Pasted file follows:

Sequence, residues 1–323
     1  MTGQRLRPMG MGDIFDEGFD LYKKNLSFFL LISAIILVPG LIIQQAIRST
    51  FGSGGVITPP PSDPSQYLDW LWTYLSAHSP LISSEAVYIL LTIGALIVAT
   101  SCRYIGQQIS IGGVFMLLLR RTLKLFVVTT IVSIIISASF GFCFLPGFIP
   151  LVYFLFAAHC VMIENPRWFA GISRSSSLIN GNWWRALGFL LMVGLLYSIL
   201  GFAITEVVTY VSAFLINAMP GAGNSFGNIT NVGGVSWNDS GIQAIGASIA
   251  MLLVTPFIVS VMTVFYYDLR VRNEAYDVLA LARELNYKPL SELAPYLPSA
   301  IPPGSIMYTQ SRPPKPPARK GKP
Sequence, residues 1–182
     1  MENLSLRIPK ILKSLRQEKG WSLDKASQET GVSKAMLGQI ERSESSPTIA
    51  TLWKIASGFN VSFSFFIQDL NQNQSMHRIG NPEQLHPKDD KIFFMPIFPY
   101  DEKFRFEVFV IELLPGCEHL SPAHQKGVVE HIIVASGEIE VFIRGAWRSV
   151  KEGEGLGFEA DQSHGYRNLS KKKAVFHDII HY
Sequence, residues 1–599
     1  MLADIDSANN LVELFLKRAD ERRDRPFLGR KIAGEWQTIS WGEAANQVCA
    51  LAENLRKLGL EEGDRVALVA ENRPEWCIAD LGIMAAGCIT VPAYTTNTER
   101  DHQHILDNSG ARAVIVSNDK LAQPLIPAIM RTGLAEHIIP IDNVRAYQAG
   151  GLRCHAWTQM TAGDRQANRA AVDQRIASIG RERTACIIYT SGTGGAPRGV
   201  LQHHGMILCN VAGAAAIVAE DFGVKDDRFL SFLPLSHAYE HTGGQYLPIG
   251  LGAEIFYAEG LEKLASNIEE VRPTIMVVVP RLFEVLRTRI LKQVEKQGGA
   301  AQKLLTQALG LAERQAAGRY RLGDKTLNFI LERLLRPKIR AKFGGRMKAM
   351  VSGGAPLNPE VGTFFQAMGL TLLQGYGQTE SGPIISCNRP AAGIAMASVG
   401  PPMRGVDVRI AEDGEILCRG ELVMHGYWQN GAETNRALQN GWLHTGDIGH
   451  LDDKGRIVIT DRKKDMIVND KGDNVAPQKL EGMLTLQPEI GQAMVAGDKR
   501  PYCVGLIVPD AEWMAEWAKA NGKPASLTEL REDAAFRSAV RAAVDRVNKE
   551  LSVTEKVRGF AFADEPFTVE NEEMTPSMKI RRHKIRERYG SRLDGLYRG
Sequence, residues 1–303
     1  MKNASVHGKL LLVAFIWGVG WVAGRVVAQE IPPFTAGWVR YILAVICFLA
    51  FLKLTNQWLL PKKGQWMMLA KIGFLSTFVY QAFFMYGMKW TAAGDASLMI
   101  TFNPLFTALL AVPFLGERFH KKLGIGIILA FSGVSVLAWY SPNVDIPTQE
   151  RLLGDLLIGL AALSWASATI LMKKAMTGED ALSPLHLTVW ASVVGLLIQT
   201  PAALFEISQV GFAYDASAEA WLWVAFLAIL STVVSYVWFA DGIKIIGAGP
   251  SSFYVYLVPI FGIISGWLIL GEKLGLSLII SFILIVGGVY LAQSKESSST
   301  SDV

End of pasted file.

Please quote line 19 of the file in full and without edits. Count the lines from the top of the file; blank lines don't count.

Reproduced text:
   201  LQHHGMILCN VAGAAAIVAE DFGVKDDRFL SFLPLSHAYE HTGGQYLPIG